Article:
Efficiency  of Transformer

A Transformer’s efficiency may be expressed as follows:

Efficiency = Output Power / Input Power

                                      = Output Power / (Output Power + Losses)

Losses in Transformer

We used ideal transformers in the previous equations (without any energy losses). However, some energy losses do occur in genuine transformers for the following reasons:

  • Flux Leakage: Because some flux leaks from the core, not all flux generated by the primary coil makes it to the secondary coil. This occurs as a result of the core’s inadequate design or the presence of air holes in the core. It is possible to lower it by wrapping the primary and secondary coils over each other. It can also be lowered if the core is well-designed.
  • Windings Resistance: Because the wire used for the windings has some electrical resistance, energy is wasted as a result of the heat generated in the windings. These are mitigated in high current, low voltage windings by utilising thick wire with a high conductive substance.
  • Eddy Currents: The alternating magnetic flux creates eddy currents in the iron core, resulting in energy losses through heating. By using a laminated core, the impact is decreased.
  • Hysteresis Loss: In each AC cycle, the alternating magnetic field reverses the magnetization of the core. The loss of energy in the core occurs as heat owing to hysteresis loss, which is minimised by employing a magnetic material with a low hysteresis loss.

Application of Transformers

The following are some of the most common uses for transformers:

  1. Increasing or reducing the voltage level in an AC circuit to ensure the correct operation of the circuit’s various electrical components.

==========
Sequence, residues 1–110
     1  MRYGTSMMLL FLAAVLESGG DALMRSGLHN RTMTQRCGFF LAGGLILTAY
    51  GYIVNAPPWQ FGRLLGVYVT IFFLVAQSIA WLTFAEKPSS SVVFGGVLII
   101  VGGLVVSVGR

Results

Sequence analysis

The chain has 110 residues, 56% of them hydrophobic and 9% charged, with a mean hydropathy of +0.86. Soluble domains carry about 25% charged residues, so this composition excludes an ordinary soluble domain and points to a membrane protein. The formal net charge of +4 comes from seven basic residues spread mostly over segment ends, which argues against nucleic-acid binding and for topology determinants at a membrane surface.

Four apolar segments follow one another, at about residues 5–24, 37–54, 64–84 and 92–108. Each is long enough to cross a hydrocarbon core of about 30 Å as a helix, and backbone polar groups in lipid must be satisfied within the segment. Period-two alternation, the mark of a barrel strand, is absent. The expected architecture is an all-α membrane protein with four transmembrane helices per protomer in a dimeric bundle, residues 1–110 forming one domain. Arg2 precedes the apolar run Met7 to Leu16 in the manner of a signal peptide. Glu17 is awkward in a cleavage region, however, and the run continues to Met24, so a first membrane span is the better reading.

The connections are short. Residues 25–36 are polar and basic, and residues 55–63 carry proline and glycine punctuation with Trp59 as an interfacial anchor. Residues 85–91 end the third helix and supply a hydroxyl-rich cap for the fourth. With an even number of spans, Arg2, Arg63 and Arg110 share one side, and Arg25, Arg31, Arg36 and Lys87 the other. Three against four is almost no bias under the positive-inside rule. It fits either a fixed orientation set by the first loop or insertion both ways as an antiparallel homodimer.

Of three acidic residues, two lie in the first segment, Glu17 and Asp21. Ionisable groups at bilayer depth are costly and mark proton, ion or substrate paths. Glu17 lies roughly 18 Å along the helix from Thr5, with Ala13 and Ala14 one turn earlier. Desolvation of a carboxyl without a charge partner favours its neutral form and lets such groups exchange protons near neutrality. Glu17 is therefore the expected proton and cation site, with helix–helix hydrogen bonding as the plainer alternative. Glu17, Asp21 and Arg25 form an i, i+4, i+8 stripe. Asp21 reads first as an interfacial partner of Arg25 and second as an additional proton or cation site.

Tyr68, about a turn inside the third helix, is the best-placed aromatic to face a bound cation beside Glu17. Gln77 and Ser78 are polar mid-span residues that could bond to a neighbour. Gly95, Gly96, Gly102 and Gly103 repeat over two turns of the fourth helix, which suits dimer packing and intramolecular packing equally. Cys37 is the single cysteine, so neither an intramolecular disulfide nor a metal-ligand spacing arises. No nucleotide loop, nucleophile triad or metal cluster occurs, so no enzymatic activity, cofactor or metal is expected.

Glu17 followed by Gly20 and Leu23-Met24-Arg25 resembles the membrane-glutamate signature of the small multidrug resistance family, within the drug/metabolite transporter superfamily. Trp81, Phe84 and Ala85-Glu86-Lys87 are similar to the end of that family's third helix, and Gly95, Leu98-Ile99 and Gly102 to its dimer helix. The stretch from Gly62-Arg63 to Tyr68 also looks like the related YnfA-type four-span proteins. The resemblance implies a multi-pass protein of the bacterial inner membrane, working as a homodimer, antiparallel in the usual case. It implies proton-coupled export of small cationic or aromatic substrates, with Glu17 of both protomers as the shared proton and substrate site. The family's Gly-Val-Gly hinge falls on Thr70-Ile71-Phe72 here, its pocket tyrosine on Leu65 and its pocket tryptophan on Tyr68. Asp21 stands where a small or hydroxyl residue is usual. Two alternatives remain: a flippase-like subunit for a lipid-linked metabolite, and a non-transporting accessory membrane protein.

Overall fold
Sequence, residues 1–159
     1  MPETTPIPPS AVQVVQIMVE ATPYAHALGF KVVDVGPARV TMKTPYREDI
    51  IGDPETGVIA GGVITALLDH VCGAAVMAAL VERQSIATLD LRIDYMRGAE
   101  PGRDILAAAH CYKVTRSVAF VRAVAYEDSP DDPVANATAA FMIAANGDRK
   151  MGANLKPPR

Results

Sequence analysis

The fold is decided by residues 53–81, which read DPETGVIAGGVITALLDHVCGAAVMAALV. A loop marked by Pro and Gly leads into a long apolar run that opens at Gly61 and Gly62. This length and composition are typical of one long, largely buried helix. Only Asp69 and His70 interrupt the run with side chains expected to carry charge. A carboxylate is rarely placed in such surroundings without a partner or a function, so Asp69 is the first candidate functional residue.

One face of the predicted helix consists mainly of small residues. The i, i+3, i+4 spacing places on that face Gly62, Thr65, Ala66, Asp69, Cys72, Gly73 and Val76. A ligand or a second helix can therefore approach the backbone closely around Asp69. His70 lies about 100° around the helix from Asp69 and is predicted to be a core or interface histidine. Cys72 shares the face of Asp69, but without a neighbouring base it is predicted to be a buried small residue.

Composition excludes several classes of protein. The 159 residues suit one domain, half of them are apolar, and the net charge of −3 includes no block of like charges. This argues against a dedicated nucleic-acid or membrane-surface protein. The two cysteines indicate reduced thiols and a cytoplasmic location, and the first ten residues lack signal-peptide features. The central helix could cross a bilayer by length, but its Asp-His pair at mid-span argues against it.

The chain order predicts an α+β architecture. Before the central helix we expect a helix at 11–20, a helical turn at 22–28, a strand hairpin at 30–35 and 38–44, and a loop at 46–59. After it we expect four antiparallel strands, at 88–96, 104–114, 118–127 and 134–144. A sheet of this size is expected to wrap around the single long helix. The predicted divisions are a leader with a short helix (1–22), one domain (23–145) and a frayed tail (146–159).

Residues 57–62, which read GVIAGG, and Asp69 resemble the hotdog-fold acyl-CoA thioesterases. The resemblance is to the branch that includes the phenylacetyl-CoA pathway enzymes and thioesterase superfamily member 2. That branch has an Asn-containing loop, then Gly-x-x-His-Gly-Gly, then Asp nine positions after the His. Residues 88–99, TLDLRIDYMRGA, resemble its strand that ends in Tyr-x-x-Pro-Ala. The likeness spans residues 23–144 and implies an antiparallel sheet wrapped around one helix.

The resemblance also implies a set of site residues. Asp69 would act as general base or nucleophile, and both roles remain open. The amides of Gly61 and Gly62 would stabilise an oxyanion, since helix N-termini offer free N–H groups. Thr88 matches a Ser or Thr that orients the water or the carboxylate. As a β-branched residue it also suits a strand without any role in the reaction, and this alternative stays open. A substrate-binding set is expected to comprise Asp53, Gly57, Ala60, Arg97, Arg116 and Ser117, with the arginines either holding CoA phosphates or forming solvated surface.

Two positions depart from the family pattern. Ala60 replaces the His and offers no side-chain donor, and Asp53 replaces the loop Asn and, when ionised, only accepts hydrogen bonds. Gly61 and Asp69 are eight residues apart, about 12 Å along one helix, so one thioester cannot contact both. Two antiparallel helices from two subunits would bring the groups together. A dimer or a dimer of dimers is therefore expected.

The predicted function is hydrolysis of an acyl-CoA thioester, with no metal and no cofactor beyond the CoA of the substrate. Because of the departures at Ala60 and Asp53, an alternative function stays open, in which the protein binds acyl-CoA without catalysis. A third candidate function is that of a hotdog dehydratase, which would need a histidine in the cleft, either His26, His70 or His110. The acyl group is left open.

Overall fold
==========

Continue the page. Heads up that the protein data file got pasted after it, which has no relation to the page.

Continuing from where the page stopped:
2. It stops DC from flowing from one circuit to another.
  3. It separates two separate electric circuits.
  4. Before transmission and distribution can take place, the voltage level at the electric power plant must be increased.

Sample Questions

Question 1: What is a Transformer?


A transformer is an electrical device that transmits electrical energy from one circuit to another using electromagnetic induction and mutual induction. It’s most commonly utilised to increase (‘step up’) or decrease (‘step down’) voltage levels between circuits while keeping the AC frequency constant.

Question 2: What are the applications of transformer?


The applications of transformers are:

  • Increasing or decreasing the voltage level in an AC circuit to guarantee that the circuit’s different electrical components operate properly.
  • It prevents the flow of DC from one circuit to the next.
  • It divides two different electric circuits.
  • The voltage level at the electric power plant must be raised before transmission and distribution may take place.

Question 3:  The number of turns in the secondary coil of a 22KVA, 2200V/220V single-phase transformer is 50, then find the number of primary turns. Neglect all kinds of losses in the transformer.


The value of the turns ratio is


Number of primary turns

The value of the primary turns can be determined as:-




Question 4: The number of turns in the secondary coil of a 23KVA, 2200V/220V single-phase transformer is 60, then find the primary full load current


Primary full load current

The value of the primary full load current is,

Ip=Power/Voltage=23×103 / 2200=10.45 A

Question  5:  The number of turns in the secondary coil of a 25KVA, 2200V/220V single-phase transformer is 70, then find the secondary full load current


Secondary full load current

The value of the Secondary full load current is

Is=Power/Voltage=25×103 / 220=113.63A

Question 6: What is step up transformer?


A step-up transformer’s secondary voltage is increased from the low primary voltage. The ratio of the primary to secondary winding in this type of transformer will be larger than one since the primary winding has fewer turns than the secondary winding.